Head of Luohan

Object nr. 656 China, Ming Dynasty (1368-1644) Height: 32 cm

Private Collection, United Kingdom 2019

Condition Report available

Price on request

This object can be viewed in our gallery.

Additional Information


A large stucco head of a Luohan, his elongated earlobes identifying him as a heavenly figure. His features are very realistic, with furrowed brow, raised eyebrows and wrinkling around the eyes. The eyes are inlaid with black glass, for added depth of expression. His bald head, in combination with his wise and benevolent expression, indicate this is a Buddhist Luohan.

Luohan – or Arhat in sanskrit- are the personal disciples of Buddha. Having attained enlightenment, they were free of the cycle of reincarnation to act as protectors of Buddhism. In Mahayana Buddhism, they are seen as sages with supernatural powers and revered as minor deities. They are mostly depicted as elderly monks with shaved heads. Each has its own characteristics and can often be recognized by their attributes, much like Christian disciples. Luohans were often represented in groups of 16 or 18, usually placed in rows flanking either side of the main hall of the temple.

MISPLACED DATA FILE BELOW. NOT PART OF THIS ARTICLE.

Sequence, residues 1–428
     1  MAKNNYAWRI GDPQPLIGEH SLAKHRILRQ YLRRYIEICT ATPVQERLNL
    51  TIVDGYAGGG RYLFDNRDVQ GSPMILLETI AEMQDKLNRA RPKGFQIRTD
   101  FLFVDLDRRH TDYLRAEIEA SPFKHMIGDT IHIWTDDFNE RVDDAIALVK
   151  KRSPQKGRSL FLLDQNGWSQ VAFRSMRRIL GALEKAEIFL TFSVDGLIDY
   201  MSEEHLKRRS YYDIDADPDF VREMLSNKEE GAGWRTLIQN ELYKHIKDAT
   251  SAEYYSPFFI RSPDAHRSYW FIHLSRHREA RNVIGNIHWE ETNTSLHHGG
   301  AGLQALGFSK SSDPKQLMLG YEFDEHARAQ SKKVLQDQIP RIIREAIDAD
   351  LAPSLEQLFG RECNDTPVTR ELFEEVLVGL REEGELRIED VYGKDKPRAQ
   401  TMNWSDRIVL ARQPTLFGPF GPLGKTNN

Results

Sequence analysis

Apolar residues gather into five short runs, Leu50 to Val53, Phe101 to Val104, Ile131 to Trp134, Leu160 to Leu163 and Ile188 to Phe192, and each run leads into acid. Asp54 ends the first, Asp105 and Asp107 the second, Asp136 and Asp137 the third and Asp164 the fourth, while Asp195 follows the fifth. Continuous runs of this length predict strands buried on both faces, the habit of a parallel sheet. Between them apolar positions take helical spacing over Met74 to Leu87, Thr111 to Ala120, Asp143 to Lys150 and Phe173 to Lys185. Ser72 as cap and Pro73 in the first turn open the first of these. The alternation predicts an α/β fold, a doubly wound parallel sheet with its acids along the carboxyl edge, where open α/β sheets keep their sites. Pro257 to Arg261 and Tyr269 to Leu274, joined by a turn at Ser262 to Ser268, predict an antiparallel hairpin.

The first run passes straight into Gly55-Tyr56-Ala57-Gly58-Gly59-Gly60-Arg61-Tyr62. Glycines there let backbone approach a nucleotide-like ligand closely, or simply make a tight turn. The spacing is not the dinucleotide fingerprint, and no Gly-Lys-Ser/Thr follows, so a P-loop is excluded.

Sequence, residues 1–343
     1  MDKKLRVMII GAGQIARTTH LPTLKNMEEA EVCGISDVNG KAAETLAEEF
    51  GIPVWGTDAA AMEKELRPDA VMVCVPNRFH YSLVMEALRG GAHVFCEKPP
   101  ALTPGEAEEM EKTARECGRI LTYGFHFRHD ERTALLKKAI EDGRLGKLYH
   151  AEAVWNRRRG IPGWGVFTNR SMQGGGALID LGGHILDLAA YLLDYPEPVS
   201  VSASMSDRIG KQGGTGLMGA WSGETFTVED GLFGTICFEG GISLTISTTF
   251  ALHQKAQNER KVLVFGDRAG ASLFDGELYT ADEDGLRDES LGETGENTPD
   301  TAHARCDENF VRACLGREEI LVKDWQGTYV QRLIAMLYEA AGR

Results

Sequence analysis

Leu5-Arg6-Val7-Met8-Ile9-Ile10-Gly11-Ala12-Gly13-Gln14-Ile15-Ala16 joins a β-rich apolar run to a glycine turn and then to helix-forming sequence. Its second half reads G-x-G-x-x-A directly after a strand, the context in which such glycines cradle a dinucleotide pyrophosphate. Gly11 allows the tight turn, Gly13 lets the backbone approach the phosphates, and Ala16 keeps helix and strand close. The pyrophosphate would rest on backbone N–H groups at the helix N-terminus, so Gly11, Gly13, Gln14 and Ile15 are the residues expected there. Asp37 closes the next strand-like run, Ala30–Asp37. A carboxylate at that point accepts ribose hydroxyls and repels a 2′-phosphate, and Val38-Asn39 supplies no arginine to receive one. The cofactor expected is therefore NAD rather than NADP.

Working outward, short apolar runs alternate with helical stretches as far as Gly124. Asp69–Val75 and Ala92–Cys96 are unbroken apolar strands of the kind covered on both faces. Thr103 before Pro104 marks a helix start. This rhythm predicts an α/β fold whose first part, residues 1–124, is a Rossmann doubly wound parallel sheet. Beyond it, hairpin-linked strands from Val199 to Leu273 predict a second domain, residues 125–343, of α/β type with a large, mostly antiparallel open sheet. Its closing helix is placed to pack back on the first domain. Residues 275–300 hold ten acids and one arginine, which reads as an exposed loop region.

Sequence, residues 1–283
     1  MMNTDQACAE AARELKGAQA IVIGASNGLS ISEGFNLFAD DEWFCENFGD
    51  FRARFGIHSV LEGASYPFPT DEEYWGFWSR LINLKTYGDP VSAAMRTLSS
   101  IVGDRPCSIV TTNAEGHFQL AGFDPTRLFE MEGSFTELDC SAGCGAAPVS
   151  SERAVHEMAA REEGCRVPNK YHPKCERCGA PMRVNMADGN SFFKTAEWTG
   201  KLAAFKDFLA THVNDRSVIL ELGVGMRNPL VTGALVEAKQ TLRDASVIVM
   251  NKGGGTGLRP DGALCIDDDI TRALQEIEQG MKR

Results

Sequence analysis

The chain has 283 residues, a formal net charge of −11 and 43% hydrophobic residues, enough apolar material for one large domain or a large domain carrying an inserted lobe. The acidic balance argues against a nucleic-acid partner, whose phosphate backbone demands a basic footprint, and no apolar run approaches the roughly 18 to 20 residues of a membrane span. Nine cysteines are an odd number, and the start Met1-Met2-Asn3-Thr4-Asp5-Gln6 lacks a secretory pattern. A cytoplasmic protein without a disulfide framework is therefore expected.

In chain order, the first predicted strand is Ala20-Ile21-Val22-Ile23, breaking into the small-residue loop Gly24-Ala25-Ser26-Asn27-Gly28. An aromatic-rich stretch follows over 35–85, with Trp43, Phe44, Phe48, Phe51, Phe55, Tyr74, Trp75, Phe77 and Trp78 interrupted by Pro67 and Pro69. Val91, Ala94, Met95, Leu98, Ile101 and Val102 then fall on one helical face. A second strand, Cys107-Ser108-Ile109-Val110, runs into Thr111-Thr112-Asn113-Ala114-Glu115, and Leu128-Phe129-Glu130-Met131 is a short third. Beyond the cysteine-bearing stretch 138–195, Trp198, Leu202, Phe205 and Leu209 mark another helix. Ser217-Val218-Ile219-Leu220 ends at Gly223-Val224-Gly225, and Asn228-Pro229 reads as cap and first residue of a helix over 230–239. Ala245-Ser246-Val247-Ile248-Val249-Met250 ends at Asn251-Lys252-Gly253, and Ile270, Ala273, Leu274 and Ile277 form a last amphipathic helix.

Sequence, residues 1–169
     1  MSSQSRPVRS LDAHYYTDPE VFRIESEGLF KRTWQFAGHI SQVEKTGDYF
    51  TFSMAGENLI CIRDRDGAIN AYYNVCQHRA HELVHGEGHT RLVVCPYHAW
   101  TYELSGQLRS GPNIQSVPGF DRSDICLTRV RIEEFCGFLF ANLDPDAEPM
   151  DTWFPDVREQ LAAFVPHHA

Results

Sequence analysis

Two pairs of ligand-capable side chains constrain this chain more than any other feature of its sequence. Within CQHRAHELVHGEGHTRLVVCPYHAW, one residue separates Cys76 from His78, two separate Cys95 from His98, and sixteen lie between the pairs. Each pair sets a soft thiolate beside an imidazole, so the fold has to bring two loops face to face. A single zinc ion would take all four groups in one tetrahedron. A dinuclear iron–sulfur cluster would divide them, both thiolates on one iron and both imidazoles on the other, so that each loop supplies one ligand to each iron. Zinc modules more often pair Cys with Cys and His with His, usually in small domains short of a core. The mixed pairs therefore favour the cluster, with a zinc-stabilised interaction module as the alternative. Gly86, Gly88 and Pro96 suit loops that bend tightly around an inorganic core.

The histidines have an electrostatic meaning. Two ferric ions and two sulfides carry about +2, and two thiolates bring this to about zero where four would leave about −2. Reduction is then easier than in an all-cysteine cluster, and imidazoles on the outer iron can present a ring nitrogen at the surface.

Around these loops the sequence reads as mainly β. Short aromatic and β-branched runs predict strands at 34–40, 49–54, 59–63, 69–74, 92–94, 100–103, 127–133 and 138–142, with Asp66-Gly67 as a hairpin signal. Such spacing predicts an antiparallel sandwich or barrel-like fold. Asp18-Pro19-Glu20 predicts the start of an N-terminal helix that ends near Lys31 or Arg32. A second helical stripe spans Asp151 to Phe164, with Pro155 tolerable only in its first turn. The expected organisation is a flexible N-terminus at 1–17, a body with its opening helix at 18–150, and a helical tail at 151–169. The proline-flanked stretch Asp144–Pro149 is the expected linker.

The early Ming period saw a growth of prosperity, which ignited a huge increase of temple building and consequently also the production statuary for within. Stucco was an ideal material to produce large scale statuary quickly and with less expense. The material was also easily accessible and its malleability was ideal for making complex and expressive Buddhist figures. The stucco mix comprised locally sourced clay, mixed with other organic matter such as cotton wool and paper fibres. The mixture was applied to the entire surface of a wooden or iron frame forming the basic shape the statue. The clay surface was then fully coated with hemp fibres before neatly plastered over with a layer of fine clay. Finally, the bodily features and garments of the statue are painted with mineral pigments of different colours.

Good comparable heads from the same period can be seen on the Arhats are in the Shuanling Monastery, Pingyao. Compare also the style and expression on the Luohan in the Tsz Shan Monastery Buddhist Art Museum, Hong Kong (acc.nr. 2017.15).

Floris van der Ven